Very cute book, easy to read and easy for any young children to enjoy about storytelling. I would recommend for younger children definitely!

  3. 4 out of 5

    Adam Jasion

    The Adventures Of Spider: West African Folktales as retold by Joyce Cooper Arkhurst and illustrated by Jerry Pinkney is a wonderful book of folktales that bring the culture and values of Africa to the reader in a simple yet charming fashion. The collection includes 6 folktales that star Spider, a lazy, yet clever, spider that is always searching for the next easy meal. The stories are told in a simple language that is easy enough for young children to understand but contains powerful messages of The Adventures Of Spider: West African Folktales as retold by Joyce Cooper Arkhurst and illustrated by Jerry Pinkney is a wonderful book of folktales that bring the culture and values of Africa to the reader in a simple yet charming fashion. The collection includes 6 folktales that star Spider, a lazy, yet clever, spider that is always searching for the next easy meal. The stories are told in a simple language that is easy enough for young children to understand but contains powerful messages of community, integrity, and wit. I would recommend this book as a read aloud in 2nd grade through 4th grade classrooms. One lesson that could be derived from the collection is to focus on the culture, specifically the cultural values, of the West African people. These stories are an excellent example of the presence of the culture of the people. Each tale is rich with examples of how West Africans value hard work, community, and integrity. Another lesson could be used in the younger classrooms is to discuss the use of personification. Spider is an actual spider, yet displays many human characteristics and actions in each story. The students could point out examples of how the spider is acting like a person in each story.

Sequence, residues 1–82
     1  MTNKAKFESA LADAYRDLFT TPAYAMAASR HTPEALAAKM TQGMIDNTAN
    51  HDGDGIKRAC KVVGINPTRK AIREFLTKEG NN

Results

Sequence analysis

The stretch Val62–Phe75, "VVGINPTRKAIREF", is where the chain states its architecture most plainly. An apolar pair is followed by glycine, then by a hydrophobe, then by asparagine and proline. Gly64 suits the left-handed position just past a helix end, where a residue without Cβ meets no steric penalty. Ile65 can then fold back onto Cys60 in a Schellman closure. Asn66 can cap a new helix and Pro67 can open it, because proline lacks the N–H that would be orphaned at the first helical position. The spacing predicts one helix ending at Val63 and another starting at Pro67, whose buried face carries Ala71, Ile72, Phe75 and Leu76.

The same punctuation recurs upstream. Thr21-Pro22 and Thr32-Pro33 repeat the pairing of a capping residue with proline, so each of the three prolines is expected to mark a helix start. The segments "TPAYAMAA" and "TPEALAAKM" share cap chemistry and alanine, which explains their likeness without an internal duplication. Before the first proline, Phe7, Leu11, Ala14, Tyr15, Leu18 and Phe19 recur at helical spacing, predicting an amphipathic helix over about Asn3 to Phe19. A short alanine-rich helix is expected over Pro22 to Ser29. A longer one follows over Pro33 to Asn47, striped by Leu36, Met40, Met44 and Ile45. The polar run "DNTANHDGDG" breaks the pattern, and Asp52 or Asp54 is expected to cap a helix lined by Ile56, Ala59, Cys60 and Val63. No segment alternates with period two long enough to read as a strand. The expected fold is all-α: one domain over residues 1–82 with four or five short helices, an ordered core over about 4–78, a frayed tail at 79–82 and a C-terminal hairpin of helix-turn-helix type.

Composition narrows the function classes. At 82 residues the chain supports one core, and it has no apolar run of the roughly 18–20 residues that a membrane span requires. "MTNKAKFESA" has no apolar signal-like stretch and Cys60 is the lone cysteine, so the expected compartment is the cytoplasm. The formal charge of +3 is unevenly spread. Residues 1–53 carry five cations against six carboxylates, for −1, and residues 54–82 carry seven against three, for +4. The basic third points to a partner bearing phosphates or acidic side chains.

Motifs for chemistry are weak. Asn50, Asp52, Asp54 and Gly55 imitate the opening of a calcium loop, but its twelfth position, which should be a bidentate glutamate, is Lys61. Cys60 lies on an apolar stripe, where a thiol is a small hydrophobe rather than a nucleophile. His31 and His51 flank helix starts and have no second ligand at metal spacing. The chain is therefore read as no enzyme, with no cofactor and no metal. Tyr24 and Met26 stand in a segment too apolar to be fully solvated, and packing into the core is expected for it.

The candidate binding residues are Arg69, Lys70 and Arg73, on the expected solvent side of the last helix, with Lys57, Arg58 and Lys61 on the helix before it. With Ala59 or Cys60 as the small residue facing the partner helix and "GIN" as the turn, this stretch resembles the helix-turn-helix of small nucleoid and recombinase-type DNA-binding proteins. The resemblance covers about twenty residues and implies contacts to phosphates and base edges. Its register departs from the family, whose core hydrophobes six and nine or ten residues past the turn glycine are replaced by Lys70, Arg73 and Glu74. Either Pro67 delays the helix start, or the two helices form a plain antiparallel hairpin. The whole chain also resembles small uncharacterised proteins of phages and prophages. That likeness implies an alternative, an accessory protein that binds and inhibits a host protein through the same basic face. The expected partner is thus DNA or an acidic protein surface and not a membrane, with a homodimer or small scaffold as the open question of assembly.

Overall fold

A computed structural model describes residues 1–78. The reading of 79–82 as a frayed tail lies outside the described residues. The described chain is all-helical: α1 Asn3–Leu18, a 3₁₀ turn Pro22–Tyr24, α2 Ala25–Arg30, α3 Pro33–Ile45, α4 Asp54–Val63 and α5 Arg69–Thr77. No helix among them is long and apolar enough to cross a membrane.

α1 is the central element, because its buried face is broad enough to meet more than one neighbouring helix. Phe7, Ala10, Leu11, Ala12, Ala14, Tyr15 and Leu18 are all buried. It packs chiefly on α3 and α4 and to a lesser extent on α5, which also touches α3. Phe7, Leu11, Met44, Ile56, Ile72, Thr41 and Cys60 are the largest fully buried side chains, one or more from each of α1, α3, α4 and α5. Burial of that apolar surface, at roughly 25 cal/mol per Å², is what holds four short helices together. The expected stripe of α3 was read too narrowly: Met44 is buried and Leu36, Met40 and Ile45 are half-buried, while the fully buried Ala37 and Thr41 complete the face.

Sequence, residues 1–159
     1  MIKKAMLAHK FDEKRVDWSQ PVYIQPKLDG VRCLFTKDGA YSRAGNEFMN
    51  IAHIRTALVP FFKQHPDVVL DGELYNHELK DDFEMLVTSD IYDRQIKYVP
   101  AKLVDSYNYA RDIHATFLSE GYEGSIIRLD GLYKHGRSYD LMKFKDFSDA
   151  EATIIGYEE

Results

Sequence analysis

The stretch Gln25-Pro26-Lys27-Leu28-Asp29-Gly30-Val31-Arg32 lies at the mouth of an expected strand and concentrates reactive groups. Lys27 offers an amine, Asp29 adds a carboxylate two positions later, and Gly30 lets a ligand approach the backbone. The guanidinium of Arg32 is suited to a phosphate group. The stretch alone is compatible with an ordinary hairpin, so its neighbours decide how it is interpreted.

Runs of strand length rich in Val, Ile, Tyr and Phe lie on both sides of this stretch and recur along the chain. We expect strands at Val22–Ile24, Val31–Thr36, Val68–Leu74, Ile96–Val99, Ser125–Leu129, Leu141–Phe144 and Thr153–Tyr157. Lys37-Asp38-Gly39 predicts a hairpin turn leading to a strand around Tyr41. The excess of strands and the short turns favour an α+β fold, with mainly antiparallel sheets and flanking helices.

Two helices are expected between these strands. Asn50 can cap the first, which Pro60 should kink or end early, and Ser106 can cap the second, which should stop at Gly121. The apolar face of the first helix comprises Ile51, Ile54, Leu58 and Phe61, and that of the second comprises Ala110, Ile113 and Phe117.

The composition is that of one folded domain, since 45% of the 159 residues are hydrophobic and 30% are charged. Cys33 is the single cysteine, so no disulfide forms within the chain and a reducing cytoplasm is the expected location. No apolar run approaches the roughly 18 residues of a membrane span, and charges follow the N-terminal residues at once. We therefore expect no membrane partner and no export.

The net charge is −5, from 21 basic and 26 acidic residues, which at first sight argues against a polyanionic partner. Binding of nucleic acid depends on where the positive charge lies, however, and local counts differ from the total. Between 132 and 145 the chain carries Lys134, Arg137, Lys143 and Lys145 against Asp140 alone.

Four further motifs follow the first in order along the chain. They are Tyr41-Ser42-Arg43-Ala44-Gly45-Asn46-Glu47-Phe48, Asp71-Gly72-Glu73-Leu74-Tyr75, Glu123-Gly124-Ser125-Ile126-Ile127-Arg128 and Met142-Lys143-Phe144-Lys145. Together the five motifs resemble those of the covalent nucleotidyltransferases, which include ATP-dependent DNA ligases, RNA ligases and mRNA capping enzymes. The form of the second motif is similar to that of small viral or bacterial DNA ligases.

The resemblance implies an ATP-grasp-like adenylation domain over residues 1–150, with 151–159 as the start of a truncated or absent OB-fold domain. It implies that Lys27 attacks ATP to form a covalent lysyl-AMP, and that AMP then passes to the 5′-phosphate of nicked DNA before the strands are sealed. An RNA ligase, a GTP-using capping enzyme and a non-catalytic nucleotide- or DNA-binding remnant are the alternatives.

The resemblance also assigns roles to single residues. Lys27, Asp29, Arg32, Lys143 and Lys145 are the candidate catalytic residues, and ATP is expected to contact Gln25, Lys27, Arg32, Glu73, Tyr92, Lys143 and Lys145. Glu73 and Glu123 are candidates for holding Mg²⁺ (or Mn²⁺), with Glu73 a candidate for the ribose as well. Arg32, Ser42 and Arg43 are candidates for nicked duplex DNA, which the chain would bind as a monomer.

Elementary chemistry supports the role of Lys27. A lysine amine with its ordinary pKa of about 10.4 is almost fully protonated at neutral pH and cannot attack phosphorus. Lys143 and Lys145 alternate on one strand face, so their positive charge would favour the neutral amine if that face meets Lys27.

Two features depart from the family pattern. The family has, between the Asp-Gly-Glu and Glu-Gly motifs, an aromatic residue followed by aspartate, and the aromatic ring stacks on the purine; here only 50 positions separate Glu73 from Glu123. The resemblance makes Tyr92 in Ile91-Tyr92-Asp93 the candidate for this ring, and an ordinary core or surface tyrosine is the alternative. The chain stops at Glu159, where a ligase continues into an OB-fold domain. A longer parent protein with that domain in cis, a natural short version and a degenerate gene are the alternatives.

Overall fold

4. 4 out of 5

    La Keesha

    If your children don't know the Spider; well they should. I have always loved these stories in all of their many forms. Doesn't every kid want to know how Spider got a bald head and a skinny waist? The stories are primarily from Liberia and Ghana and these retellings are a little watered down for my taste but the ultimate judge is my daughter and she got a kick out of them. The language was simple but not simplistic and she had not trouble reading it herself or picking out the moral of each stor If your children don't know the Spider; well they should. I have always loved these stories in all of their many forms. Doesn't every kid want to know how Spider got a bald head and a skinny waist? The stories are primarily from Liberia and Ghana and these retellings are a little watered down for my taste but the ultimate judge is my daughter and she got a kick out of them. The language was simple but not simplistic and she had not trouble reading it herself or picking out the moral of each story when I read them to her. The colors are bright, the characters quirky and funny and the book itself was just the right size for her little hands. There are other, more detailed and more comprehensive collections that have more of the sound of Africa to them (something about the rhythm of the words) but this is a solid starting point.